This lovely plane really was '0612' with the Czechoslovak Air Force and was used for pilot training at the High Military Aviation School in Košice and then, after retirement in 1970, the aircraft was used by the aeroclub in Prievidza. In 2011 it underwent a major restoration to airworthy status and is now based at Točná.
This Czech-built CS-102 actually flew for the Polish AF as '266' and was modified to a SBLim-2 version before being sold to an owner in the USA in 1994 and registered N41125. It was bought by Czech Flying Legends in 2014 and returned to airworthy condition. It is pictured here landing on rw22 after a super display at NATO Days 2019. Note the real Czechoslovak AF Midget '2514' was cn 922514.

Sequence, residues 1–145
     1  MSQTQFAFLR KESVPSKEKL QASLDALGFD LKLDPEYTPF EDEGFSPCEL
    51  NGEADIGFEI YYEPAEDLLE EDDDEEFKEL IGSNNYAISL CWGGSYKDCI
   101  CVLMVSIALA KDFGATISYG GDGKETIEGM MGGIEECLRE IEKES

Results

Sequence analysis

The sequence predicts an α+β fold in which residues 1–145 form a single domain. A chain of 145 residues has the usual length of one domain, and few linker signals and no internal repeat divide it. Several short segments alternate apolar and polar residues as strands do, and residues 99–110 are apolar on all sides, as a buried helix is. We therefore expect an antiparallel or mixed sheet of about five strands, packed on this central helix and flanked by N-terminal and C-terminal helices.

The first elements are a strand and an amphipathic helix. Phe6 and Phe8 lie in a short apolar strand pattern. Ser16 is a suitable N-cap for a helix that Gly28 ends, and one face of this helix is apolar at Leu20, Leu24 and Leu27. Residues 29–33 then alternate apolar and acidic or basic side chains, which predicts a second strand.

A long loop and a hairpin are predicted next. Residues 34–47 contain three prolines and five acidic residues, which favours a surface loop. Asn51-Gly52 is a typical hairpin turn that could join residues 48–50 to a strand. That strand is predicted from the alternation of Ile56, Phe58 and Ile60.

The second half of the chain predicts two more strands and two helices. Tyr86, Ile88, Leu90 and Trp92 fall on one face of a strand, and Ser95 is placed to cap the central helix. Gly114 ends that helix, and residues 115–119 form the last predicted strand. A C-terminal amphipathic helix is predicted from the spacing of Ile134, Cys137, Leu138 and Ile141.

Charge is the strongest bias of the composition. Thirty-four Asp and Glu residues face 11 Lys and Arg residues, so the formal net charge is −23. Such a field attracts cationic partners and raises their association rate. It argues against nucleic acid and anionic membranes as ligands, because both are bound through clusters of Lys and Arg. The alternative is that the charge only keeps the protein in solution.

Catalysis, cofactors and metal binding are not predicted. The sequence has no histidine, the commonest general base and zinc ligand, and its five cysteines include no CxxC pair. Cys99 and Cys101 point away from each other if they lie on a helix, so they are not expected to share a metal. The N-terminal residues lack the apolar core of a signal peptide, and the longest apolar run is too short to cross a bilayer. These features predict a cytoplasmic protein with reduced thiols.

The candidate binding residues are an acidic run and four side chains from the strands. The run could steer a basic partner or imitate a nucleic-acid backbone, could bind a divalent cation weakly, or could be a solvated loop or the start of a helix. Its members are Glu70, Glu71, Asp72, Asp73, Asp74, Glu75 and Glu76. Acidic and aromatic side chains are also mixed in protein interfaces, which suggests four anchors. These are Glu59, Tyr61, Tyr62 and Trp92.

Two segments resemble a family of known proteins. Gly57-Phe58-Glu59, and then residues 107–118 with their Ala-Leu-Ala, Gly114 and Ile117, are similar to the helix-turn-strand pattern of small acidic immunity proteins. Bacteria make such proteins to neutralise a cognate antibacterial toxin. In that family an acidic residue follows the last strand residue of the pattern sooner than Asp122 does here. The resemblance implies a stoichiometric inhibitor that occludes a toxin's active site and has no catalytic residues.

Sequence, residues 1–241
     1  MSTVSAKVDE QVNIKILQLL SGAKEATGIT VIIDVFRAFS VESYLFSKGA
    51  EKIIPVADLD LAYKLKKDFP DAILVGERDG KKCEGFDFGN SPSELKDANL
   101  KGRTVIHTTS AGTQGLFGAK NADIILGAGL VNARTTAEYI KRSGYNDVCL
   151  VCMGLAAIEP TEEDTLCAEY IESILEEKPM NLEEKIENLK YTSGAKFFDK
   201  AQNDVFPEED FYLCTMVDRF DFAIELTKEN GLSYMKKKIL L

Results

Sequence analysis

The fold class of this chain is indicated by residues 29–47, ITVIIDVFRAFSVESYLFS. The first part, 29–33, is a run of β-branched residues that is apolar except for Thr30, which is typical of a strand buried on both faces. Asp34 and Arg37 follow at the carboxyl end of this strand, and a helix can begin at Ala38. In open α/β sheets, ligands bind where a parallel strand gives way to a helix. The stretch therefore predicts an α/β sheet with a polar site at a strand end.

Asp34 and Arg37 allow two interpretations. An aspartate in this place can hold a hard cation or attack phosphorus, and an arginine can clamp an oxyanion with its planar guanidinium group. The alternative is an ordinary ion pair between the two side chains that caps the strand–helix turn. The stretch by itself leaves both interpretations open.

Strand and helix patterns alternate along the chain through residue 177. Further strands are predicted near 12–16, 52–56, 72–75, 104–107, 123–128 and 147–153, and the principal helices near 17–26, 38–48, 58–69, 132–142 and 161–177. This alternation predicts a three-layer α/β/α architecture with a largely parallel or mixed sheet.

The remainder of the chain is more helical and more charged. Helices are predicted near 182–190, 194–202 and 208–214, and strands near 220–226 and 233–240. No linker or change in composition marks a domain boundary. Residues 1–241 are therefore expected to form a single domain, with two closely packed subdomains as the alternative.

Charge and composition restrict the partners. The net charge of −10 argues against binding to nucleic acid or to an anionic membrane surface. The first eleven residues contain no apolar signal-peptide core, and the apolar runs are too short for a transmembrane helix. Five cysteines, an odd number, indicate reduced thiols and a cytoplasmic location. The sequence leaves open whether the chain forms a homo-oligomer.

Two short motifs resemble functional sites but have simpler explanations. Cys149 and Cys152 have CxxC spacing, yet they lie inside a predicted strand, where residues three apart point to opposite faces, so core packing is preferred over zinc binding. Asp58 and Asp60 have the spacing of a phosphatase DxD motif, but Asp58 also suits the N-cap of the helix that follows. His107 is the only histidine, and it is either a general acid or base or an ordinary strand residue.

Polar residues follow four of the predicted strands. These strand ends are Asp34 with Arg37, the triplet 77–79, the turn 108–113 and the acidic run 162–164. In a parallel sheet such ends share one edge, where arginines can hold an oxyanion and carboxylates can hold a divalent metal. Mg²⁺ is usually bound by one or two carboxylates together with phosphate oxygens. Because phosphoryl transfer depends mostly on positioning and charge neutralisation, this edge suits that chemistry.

A Spitfire in Czech markings? Yes, Britain supplied 54 Spitfires to Czechoslovakia in 1945, including this aircraft. Following the 1948 communist takeover, SL633 went to Israel and on to Burma in 1954! Restored to airworthy condition in the USA, this must be the most cosmopolitan Spitfire around.
when Czechoslovakia split into the two sovereign states of the Czech Republic and Slovakia, this MiG-21 was transferred to Slovakia. It never entered service and kept its former Czechoslovak markings. As such it is now preserved in the Piestany museum